To What Extent Did Elizabeth Control Her Government?

To What Extent Did Elizabeth Control Her Government?

To what extent did Elizabeth control her government?

To successfully answer this question there are two main aspects off government to consider, her Parliament and her ministers. It can be argued that Elizabeth successfully controlled both her Parliament and her ministers, and I would agree with this. I would also argue however that whilst she was somewhat successful she also lost control at times such as when parliaments formed ‘factions or Essex's revolt. MacCaffrey supports this view saying “ For the most part, she was extremely successful; however it has to be acknowledged that the start and end of her reign was weak in terms of dealing with parliament”

Elizabeths strong personality helped her control Parliament very successfully. She could be forceful when she needed to be but still used the fact she was a woman to her advantage – even crying to get her own way. Stronger than her sister by far she gave orders in a way that any King would – earning her the respect of her Parliament.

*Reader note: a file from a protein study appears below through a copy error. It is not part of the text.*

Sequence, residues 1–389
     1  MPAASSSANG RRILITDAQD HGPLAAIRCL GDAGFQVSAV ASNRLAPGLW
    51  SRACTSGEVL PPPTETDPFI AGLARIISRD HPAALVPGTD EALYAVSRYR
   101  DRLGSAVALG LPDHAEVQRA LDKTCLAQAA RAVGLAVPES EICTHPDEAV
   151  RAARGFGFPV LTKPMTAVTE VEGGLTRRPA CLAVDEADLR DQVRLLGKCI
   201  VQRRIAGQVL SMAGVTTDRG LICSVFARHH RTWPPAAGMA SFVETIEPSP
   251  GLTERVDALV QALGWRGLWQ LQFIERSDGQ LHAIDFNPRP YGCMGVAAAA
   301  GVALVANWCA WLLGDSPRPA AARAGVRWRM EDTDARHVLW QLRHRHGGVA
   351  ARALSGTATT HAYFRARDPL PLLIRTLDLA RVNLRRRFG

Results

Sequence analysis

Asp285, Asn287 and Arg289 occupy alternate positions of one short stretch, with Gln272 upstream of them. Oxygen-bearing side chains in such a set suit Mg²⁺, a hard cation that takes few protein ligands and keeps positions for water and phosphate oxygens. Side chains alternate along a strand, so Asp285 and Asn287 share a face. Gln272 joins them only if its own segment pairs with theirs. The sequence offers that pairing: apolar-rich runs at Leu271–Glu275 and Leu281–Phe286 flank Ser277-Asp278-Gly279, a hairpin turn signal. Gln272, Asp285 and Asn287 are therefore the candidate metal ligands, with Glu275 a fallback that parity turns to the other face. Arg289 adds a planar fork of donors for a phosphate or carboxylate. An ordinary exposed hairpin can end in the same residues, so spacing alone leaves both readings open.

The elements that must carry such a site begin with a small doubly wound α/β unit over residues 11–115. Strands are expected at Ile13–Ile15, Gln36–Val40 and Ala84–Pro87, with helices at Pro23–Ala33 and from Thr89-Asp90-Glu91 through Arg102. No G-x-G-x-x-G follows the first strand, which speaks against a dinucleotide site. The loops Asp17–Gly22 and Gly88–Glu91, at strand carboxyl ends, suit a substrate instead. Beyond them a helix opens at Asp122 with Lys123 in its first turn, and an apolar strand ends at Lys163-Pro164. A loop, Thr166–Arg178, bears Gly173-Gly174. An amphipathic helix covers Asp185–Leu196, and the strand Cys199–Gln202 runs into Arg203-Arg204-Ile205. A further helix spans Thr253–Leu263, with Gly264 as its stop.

She was known to take a firm stance on key matters such as foreign affairs – something which previous monarchs had failed to do, and was entitled to privileges such as calling and dissolving Parliament, also some thing which previous monarchs had failed to utilise. Many of the issues which were discussed such as the issue of her potential marriage and succession, she had the deceiving say in. The succession was a particularly large point of conflict between Parliament and the Queen. Elizabeth was encouraged to marry or name a successor in three separate parliaments (1559, 1563 and 1566) however she ignored the advice. It could even be said that by not naming a successor she had more control over parliament – as they could not ask more of her until she did. It is obvious that she successfully controlled parliament as she constantly resisted them in key matters such as this throughout her reign, what's more they remained orderly, functional and obedient despite their...

Similar Essays